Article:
When I asked Olga how this meteoric success made her feel, not to mention the size of an advance that most new authors can only dream of, she said one word, “Stressed.” She puts her incredible success not only to the fact that she hit on the right topic at the right time and received publication in a top notch publication, but that she had spent a few years establishing herself as a paid-for journalist first. “It was smart that I wrote for high-end publications,” she says. “More people were reading me. I got good bylines.” I think Olga is an example of someone who made their own luck.
You can read more about Olga and follow her journey at www.olgamecking.com and join her busy Facebook group, The Nikseneers.
I don’t know about you but I love a fast fix of inspiration now and again. This is why, for several years, ever since my friend Jacinta gave me my first, I’ve bought myself one of those stand up Page-a-Day calendars for Christmas. I always get the Zen Sayings one, which is a mix of haiku, koans, parables and sayings. A couple of days ago it read: “A poem begins as a lump in the throat, a sense of wrong, a homesickness, a lovesickness,” which comes from Robert Frost, the nature loving poet best known for The Road Not Taken.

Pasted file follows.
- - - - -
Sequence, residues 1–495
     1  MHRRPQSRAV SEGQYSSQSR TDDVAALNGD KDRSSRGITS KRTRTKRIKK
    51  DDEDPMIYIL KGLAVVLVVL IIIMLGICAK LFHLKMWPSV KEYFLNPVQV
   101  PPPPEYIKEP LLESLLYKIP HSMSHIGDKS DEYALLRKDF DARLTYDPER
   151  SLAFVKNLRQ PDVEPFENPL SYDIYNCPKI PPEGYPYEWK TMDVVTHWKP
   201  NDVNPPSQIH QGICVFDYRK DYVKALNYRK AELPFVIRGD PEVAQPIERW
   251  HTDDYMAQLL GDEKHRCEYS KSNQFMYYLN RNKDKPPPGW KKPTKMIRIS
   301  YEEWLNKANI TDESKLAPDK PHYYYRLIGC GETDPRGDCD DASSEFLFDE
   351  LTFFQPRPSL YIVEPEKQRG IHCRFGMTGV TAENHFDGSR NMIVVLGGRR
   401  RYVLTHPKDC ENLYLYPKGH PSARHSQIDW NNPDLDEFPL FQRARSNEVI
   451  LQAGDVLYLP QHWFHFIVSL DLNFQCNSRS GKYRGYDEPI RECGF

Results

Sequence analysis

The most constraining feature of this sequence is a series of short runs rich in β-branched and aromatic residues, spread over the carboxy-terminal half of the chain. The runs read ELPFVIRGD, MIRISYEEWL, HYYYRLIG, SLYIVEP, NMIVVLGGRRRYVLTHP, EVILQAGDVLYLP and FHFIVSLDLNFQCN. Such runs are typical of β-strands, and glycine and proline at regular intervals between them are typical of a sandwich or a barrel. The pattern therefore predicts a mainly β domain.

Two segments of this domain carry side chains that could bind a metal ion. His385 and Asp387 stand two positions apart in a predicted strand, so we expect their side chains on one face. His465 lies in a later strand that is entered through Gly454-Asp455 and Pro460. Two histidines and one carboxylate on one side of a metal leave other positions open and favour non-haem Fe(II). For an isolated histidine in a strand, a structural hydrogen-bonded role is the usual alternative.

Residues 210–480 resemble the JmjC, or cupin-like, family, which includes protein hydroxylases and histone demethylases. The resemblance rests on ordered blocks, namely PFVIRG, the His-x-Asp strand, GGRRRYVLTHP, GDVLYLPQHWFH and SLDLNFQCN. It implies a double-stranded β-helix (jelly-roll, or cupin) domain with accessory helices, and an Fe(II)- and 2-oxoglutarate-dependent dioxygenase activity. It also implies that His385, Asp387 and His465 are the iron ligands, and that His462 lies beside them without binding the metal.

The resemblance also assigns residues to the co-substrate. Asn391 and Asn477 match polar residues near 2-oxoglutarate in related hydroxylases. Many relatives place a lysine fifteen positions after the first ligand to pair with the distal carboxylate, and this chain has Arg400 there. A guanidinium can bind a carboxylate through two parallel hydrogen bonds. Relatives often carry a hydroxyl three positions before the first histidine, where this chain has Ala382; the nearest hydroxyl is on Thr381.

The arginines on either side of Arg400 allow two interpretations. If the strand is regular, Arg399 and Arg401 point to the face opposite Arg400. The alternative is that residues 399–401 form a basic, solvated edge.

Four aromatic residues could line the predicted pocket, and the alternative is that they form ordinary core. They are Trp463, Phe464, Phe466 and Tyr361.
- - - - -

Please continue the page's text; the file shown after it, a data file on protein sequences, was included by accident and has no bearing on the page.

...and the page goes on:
I read that extract the other day and it stayed with me as I considered its truth and the way, indeed, that so many poems begin with deep emotion, often sadness. In turn it inspired me to reflect on how art, such as poetry, can make something good out of a bad situation.
I’m off to buy myself my next Zen Calendar now because, thanks to Jacinta, it has now become an essential addition to my morning.
What I'm Working On
Watch out for the soft launch of The Life Story Jar programme – BUY ONE AND GIVE ONE TO A FRIEND
I admit that this isn’t ready as soon as I would have liked, but hey, I’m only human.
It’s almost time for my brand new 12-week e-course, The Life Story Jar, to go on sale. Now you can stop procrastinating and start writing your precious stories and preserving them for the future. the programme, divided into modules on themes such as Growing Up, My Travels, My Family and People in My Past will teach and inspire you to leave an important written legacy.
Want to register your interest now to be sure you don’t miss out? Just drop me an email.
What's on in December
WHEN: Tuesday 10th December and Tuesday 14th January, 09:30-15:30
WHAT: Definite Articles – learn to write articles based on your overseas experience
WHERE: Jo’s house, Archipel, The Hague
ENQUIRE: Email Jo
WHEN: Friday 13th December, 10:00-14:00
WHAT: Writers’ Circle with Christmas pot luck lunch and Secret Santa
WHERE: Jo’s house, Archipel, The Hague
ENQUIRE: Email Jo
The inspiring bit
Jo Parfitt's Monthly Inspirer